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Old April 6th, 2012, 07:47 PM   #1
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Cold War Fears?


The Cold War stimulated a multitude of fears within the American people, mainly those of the spread of Communism abroad and the threat of nuclear weapons. However other than "McCarthyism", was there really all that much fear about Communism at home?

I also recall a trial for a couple, names are slipping my mind. Maybe it was Rosenberg? Ethel or something like that? And there was HUAC with Nixon, but was that before the Cold War?
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Old April 6th, 2012, 08:29 PM   #2

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HUAC was an investigative body set up to investigate anyone suspected of being a subversive or trying to undermine the government. Officially, HUAC was a product of the Cold War but existed in other incarnations even before the Second World War.

The McCarthy witch hunts were pretty much similar except they targeted just about anyone who had known or unknown communist or socialist associations or leanings. Hollywood was particularly scrutinised and led to quite a few writers, actors, producers, directors etc being blacklisted prevented from working in the US film industry. Some of the most famous were Charlie Chaplin and Arthur Miller. A comprehensive list can be found here: Hollywood blacklist - Wikipedia, the free encyclopedia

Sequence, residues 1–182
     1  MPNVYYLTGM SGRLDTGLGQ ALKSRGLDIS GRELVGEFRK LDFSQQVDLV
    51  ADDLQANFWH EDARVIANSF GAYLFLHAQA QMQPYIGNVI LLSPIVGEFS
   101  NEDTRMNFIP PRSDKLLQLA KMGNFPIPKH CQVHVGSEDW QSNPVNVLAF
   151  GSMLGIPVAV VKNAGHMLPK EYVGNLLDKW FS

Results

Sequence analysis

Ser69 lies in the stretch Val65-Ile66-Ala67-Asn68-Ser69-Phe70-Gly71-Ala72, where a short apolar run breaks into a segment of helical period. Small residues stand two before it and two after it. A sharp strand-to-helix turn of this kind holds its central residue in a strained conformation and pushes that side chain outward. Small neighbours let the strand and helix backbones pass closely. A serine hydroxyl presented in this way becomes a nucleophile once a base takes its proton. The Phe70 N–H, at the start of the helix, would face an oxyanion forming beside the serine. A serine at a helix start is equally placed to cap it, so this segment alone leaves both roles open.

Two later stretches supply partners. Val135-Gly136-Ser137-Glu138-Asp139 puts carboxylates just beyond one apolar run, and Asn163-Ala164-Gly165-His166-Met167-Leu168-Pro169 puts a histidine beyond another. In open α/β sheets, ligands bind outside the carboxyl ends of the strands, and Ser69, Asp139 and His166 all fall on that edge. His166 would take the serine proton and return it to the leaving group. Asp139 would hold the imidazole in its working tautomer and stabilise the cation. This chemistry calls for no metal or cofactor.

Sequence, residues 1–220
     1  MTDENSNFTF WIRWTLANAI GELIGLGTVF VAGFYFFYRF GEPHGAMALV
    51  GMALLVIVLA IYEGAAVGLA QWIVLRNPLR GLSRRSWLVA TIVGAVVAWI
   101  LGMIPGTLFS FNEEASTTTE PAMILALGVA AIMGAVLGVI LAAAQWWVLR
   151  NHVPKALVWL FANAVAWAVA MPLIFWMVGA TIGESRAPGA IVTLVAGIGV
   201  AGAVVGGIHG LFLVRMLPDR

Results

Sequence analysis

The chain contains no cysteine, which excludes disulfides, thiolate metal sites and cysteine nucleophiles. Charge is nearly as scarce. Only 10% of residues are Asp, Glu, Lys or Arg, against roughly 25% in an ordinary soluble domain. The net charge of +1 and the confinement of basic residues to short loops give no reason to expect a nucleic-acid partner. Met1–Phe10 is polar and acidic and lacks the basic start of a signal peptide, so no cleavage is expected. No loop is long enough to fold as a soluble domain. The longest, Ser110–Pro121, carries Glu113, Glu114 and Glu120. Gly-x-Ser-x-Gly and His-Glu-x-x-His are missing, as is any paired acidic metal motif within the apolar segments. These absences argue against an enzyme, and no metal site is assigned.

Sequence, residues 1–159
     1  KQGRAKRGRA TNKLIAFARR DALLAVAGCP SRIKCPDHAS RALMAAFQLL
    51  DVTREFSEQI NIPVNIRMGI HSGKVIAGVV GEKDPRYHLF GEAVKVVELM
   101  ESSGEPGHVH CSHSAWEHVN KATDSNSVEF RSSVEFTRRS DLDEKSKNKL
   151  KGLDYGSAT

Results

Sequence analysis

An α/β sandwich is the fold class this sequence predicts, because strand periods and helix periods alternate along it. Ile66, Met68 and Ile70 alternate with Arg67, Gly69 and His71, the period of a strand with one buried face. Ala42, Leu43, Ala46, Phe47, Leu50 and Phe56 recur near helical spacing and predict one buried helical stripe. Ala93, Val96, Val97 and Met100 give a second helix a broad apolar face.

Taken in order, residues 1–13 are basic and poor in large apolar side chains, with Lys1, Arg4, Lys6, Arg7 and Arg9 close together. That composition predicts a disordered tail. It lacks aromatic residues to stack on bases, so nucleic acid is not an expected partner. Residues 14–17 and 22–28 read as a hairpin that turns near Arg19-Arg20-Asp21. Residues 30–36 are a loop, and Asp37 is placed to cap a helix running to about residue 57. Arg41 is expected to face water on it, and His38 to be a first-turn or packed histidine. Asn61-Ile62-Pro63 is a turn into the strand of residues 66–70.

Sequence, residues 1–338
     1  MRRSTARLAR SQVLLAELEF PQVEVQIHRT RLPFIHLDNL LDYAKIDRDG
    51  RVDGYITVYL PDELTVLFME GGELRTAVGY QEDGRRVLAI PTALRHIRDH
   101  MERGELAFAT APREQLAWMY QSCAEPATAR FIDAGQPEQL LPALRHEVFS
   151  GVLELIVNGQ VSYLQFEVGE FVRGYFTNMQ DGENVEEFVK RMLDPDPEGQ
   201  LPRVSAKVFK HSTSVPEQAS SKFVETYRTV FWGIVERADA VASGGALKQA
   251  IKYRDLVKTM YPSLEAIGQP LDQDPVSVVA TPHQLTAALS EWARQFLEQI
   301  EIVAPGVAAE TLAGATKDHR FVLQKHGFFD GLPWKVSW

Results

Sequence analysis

The name you are looking for is indeed the Rosenbergs, Ethel and Julius. Julius is believed to have been a Soviet spy and was charged with having leaked palns and information for the atomic bomb to his Soviet handlers. He and his wife were executed by electric chair. As far as I know, Ethel had nothing to do with her husbands treason and was charged purely through her association with him. Her death was a particularly nasty one. The electrodes didn't fit properly to her and it took three attempts to execute her. Witnesses say smoke was coming out of her head.
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Old April 6th, 2012, 08:53 PM   #3

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In addition, thousands of people had their lives ruined by accusations that they were "communists". Some had merely expressed leftist views (presumably subject to freedom of speech), others had had minor or major involvement with political groups that were later accused of being part of the so-called communist conspiracy.

Like other paranoid purges (witch trials, the Maoist Cultural Revolution, etc), one who was accused could often dodge guilt by accusing others of similar "crimes". Often being accused was enough to ruin a person's reputation, make employment nearly impossible and turn them into social pariahs. All this was done under the cover of defending the US against its cold war enemies. Few real enemies were uncovered. It's worth noting that NOBODY accused by McCarthy was ever found guilty of ANYTHING.